Brad Setzer has a

good post on the Treasury's new plan to deal with toxic assets. Clearly dealing with the credit crisis is the key factor in getting any recovery going. And it is the most difficult. Primarily, I think, for political economy reasons. The problem is who should bear the brunt of the losses. But there is also a coordination problem involved.

To see this, first note that so-called "toxic assets" are complex collections of mortgages. These CDO's are derivatives whose value depends on the payoffs on the underlying assets. So the losses on the whole universe of these assets cannot be bigger than the losses on the underlying assets. The problem is that nobody knows what individual collections -- CDO's are worth. Hence, they trade for little value in the market, and banks are reluctant to sell them at low prices; choosing instead to keep them on their balance sheets. And then they are frozen from lending and instead hoard bailout funds until the value of the CDO's pay off (they hope).

Now let us make a back of the envelope calculation. A really high foreclosure rate is 8%, so let us take 10%. If foreclosure takes place not all value is lost for the mortgage holder, but let us suppose it is. Then if one held the entire portfolio of mortgage backed securities the maximum losses on the total portfolio would be 10%. The big problem today is that banks hold CDO's of uncertain value -- nobody wants to pay a lot for a tranche that could have lots of bad mortgages. But other tranches must have good mortgages. Even if we consider CDO-squared's -- collections of collections -- the underlying risks ought to be no more than 10% figured conservatively.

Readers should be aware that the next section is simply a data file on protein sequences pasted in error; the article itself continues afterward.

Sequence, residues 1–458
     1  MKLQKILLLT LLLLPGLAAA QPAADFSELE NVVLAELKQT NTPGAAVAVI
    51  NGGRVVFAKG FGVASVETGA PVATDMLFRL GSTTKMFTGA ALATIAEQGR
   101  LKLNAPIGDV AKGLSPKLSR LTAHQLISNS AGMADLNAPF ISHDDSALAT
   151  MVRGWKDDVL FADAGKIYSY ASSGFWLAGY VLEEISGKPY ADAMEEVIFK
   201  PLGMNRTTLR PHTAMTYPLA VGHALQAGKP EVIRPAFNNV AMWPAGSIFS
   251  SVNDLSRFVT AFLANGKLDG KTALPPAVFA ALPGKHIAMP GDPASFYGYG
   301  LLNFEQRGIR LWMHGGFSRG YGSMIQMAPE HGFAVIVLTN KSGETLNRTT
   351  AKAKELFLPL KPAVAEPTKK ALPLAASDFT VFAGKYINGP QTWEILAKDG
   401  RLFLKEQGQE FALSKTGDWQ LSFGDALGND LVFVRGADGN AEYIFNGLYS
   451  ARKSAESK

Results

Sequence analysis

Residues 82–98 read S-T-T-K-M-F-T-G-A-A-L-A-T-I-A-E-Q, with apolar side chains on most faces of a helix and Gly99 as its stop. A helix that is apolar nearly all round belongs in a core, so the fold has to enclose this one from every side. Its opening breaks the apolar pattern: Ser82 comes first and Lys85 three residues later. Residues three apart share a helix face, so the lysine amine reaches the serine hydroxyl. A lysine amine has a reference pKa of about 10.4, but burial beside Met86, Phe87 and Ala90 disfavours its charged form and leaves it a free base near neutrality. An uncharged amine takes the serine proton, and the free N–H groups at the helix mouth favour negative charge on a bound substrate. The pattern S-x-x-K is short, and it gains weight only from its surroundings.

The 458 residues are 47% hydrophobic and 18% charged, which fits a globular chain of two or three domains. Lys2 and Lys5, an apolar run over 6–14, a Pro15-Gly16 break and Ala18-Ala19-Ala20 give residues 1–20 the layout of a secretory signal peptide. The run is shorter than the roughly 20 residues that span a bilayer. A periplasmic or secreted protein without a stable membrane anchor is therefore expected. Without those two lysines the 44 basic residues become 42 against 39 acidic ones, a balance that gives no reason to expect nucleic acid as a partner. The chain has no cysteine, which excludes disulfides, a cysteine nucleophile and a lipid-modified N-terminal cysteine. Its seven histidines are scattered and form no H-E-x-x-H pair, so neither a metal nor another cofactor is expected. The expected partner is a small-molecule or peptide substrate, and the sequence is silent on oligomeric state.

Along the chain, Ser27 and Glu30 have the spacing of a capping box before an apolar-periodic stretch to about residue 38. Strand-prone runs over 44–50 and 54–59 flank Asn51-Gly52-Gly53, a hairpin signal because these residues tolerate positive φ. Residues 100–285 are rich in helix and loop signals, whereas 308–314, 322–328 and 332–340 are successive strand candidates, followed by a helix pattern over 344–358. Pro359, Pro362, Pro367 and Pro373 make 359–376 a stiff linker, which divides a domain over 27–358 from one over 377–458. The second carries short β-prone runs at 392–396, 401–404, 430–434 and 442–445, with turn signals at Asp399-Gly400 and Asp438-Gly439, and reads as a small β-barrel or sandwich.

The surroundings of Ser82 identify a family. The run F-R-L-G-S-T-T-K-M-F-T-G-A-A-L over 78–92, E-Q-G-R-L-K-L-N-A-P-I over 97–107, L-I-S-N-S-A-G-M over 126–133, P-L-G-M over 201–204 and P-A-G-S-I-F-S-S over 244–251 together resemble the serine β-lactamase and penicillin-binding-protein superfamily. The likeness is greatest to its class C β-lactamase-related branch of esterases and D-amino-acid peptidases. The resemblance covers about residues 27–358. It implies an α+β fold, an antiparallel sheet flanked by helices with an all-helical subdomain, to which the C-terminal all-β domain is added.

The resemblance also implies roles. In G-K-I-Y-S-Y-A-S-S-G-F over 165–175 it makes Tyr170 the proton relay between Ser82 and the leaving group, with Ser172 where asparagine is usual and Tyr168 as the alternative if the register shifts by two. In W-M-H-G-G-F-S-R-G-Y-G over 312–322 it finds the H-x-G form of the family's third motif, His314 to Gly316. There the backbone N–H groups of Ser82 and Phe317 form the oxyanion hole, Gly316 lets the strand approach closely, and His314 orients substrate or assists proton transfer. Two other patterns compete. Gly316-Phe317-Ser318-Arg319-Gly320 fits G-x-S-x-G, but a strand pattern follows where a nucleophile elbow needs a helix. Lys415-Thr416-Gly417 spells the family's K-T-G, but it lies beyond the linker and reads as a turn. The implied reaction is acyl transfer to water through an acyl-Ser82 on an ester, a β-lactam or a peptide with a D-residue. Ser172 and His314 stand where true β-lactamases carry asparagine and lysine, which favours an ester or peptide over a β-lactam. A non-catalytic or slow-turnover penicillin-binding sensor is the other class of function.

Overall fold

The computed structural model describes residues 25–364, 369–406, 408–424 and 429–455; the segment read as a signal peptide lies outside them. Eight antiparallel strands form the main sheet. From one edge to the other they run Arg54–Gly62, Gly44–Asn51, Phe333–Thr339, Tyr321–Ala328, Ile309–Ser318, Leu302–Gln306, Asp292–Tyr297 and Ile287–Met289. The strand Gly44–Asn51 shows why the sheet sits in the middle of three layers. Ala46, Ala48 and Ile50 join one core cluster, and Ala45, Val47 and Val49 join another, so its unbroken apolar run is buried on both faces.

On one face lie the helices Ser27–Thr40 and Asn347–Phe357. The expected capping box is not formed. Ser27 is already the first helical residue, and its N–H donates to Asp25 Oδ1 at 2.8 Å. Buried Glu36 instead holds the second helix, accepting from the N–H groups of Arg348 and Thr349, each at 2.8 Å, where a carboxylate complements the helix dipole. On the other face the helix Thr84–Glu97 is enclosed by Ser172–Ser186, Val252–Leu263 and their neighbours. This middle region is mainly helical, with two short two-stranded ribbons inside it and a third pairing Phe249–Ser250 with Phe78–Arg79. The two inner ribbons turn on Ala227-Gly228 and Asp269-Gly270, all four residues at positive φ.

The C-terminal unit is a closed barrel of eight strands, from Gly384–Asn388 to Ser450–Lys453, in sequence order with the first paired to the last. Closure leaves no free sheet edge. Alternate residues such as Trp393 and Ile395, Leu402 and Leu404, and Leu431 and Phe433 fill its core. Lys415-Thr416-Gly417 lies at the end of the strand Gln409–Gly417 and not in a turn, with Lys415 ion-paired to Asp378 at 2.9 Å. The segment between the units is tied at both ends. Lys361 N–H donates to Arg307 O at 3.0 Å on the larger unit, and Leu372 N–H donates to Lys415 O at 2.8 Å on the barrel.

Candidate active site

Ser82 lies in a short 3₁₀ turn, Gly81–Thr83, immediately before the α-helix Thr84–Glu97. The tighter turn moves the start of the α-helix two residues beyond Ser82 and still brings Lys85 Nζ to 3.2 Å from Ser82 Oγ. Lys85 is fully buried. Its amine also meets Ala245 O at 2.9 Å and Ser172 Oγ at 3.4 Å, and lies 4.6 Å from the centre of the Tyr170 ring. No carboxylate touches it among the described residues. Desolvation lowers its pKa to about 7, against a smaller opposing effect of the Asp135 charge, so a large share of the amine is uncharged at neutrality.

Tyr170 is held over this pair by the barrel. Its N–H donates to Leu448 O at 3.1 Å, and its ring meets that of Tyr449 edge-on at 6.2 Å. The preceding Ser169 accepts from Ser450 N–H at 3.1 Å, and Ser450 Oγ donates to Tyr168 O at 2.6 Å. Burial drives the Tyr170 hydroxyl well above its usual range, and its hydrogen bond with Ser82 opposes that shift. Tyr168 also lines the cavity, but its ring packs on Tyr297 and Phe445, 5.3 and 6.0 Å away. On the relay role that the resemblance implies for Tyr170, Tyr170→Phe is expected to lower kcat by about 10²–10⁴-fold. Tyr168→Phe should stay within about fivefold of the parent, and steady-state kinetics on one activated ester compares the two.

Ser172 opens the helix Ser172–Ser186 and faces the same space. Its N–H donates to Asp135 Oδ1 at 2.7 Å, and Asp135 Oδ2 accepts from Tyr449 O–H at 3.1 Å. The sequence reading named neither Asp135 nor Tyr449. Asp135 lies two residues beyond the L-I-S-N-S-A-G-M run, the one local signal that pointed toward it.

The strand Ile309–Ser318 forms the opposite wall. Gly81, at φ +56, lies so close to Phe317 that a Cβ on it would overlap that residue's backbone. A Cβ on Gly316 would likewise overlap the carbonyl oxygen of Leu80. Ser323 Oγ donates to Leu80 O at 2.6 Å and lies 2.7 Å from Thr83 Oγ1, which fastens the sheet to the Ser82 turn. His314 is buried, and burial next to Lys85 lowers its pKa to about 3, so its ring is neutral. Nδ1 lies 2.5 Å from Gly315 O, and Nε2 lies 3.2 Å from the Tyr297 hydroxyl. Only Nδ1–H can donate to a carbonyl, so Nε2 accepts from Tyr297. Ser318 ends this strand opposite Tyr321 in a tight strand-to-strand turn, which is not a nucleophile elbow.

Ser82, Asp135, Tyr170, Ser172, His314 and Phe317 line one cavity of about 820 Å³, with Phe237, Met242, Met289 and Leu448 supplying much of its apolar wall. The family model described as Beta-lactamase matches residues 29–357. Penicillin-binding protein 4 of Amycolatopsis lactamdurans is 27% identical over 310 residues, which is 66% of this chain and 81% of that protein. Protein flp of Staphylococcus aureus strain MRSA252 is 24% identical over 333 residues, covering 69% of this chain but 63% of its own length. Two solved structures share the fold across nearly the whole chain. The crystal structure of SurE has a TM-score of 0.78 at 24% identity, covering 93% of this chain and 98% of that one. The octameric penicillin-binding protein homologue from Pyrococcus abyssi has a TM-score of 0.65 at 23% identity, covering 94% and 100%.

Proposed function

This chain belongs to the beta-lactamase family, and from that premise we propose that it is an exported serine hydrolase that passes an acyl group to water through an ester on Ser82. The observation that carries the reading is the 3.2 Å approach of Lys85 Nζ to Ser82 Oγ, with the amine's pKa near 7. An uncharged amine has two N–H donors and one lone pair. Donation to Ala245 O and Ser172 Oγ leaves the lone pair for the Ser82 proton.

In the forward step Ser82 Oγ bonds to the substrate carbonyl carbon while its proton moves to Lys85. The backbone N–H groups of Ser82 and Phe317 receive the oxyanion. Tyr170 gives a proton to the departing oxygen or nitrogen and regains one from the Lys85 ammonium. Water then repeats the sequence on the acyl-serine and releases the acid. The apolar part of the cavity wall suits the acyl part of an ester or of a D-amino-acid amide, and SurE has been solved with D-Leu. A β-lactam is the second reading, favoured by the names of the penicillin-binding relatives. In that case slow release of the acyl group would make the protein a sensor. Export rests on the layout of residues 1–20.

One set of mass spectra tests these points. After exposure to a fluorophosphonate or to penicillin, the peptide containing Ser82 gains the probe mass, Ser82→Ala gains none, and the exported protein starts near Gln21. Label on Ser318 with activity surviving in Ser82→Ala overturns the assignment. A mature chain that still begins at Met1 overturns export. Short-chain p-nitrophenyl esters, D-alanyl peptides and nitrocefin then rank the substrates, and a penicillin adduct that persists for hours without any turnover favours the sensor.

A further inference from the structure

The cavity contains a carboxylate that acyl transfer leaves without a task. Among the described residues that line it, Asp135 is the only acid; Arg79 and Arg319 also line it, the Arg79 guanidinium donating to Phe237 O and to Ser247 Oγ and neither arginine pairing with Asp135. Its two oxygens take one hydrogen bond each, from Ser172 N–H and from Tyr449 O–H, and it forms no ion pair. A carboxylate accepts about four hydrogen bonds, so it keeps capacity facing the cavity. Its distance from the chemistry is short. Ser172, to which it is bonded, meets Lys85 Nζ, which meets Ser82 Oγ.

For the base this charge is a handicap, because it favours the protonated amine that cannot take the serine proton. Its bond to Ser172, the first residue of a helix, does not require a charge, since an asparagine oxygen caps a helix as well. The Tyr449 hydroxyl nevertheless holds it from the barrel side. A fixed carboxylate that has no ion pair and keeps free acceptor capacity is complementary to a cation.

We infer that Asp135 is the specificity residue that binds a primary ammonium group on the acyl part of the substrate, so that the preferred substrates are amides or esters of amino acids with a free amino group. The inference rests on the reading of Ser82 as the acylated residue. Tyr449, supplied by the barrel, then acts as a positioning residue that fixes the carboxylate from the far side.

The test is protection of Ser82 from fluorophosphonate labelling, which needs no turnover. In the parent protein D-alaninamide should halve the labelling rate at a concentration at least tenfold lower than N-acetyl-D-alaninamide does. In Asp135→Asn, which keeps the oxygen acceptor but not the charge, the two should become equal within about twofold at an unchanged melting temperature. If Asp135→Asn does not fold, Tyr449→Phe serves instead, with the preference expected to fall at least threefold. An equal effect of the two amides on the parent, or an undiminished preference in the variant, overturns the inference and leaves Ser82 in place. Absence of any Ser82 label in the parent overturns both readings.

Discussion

Suppose then that the government took all CDO's and held them to maturity. It would, at worst, earn 90 cents on the dollar. So if it exchanged for these assets a security that pays 90 cents, and gave each bank a pro rata share (this would have to be based on nominal value not market value) then banks would receive 90 cents for sure instead of some uncertain value. Wouldn't this plan break even for the government? And wouldn't the banks -- as a whole -- be better off? Couldn't lending re-start? If the answer is yes, then the fundamental problem is information and coordination. It is a problem of who to allocate the losses to.

What am I missing?

Dedicated reader Vijay Krishna reminds me that this solution is related to an old puzzler on Car Talk:

The problem is that you have to take two identically looking pills each day. You are isolated from your doctor for 30 days and cannot get resupplied. If you don't take them both you die (you could change the proportions and volumes). But you spill the pills on the floor. What are you to do?

The solution offered by Click and Clack is to take all the pills from the floor, crush them up, mix them up in water, and divide the solution by the number of days. Then each day take a share of the solution equal to one divided by the number of days left.

The similarity is clear. Taken in total we have a collection of pills or mortgages that is not all that harmful. But arbitrary portions of the collections can be extremely hazardous to your health.